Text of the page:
World Aquaculture Society Meetings

Add To Calendar 24/02/2016 15:30:0024/02/2016 15:50:00America/ChicagoAquaculture 2016GOSSYPOL FREE COTTONSEED PROTEIN PROVIDES AN OPPORTUNITY TO ENHANCE THE SUSTAINABILITY OF AQUACULTURE BY REPLACING FISH MEAL - A REVIEW Champagne 3The World Aquaculture Societyjohnc@was.orgfalseanrl65yqlzh3g1q0dme13067DD/MM/YYYY


Tom Wedegaertner*
Cotton Incorporated
6399 Weston Parkway
Cary, NC 27513

Many plants that exist on the planet today are here because they have evolved a chemical defense mechanism. Cotton is one such plant, which contains the antinutritional factor "gossypol". Gossypol is a cumulative toxin that can be detrimental to some animals who consume high levels of cottonseed protein over a long period of time. This has greatly reduced the utilization of this massive protein source, which is a natural by-product of cotton production.

Many different approaches to mitigate this toxin have been investigated. While there are physical and chemical methods to reduce the toxicity of gossypol, it seems that genetic removal of gossypol is the simplest and most effective solution.

Over the past several decades, there have been many research projects conducted to determine the maximum level of gossypol that can be tolerated by various aquaculture species. It has been known for some time that catfish and shrimp can tolerate much higher levels of gossypol in their diet than some other species. Shrimp are also fairly tolerant.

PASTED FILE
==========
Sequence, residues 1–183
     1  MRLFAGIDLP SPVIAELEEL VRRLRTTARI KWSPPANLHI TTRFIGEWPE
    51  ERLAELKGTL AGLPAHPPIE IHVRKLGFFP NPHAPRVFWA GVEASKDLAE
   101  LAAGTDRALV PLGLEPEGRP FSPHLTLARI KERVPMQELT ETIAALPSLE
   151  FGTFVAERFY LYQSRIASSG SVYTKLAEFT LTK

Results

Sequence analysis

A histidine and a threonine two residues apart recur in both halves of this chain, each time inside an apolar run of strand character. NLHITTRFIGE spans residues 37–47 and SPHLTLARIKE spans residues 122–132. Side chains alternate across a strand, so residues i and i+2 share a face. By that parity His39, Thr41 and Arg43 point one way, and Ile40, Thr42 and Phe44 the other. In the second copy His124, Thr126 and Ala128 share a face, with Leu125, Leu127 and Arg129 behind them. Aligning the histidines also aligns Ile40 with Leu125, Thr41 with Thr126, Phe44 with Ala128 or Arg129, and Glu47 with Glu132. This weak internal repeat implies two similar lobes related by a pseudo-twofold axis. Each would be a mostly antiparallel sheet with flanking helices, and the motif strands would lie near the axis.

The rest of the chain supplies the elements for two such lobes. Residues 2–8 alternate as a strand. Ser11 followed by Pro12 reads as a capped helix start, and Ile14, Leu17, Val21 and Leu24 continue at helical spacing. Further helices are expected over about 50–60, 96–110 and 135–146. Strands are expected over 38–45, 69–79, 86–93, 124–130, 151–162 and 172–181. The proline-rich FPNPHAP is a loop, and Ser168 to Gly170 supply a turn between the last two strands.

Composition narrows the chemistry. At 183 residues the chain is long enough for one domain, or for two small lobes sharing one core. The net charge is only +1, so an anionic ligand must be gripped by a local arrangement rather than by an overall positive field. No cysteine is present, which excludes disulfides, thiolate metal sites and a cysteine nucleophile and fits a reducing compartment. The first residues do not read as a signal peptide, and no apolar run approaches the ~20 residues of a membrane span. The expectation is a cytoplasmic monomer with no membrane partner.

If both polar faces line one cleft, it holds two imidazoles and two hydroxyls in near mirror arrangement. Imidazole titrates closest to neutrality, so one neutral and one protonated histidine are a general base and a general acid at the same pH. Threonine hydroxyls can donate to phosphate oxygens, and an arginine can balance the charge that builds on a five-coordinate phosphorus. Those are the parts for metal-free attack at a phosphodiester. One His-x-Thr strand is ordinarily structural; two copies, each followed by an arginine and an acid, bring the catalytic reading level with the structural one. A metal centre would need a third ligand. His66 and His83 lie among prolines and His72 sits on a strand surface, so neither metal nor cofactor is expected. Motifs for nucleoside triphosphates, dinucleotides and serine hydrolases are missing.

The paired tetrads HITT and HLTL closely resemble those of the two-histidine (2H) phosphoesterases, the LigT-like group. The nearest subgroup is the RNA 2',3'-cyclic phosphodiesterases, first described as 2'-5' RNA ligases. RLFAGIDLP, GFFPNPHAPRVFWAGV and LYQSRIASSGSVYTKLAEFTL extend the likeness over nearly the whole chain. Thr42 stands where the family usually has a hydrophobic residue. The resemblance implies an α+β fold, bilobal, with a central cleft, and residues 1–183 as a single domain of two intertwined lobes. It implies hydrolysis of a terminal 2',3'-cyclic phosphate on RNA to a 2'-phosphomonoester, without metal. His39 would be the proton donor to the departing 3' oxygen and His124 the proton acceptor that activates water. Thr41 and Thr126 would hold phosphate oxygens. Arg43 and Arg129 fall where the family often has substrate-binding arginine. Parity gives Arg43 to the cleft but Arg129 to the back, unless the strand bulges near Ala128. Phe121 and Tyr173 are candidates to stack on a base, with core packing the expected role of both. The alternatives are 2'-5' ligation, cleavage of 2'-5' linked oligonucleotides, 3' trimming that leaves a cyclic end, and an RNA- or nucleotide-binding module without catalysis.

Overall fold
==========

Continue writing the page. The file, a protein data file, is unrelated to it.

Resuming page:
There is a renewed interest in cottonseed protein due to the recent biotechnology breakthrough that offers promise that gossypol can be almost eliminated in cottonseed protein by using current, safe, and effective plant biotechnology techniques. This technology could potentially eliminate gossypol as a concern and make available more than 10 million metric tons of cottonseed protein worldwide.

In anticipation of the huge volume of high-quality protein becoming available over the next several years, extensive research is underway to investigate its use in aquaculture feeds. Cottonseed protein flour has been recently evaluated in diets fed to shrimp, pompano, black sea bass, hybrid striped bass, flounder, and trout. Almost without exception cottonseed protein has replaced most or all of the fish meal in the diet. The replacement of marine proteins with terrestrial plant proteins dramatically improves the sustainability of aquaculture. It has been recognized for some time that cottonseed protein contains an "unidentified feeding stimulant," so palatability doesn't seem to be an issue with most species. This is not true for many other plant-based proteins. This presentation will review all the research to date on the utilization of cottonseed protein in aquaculture feeds.

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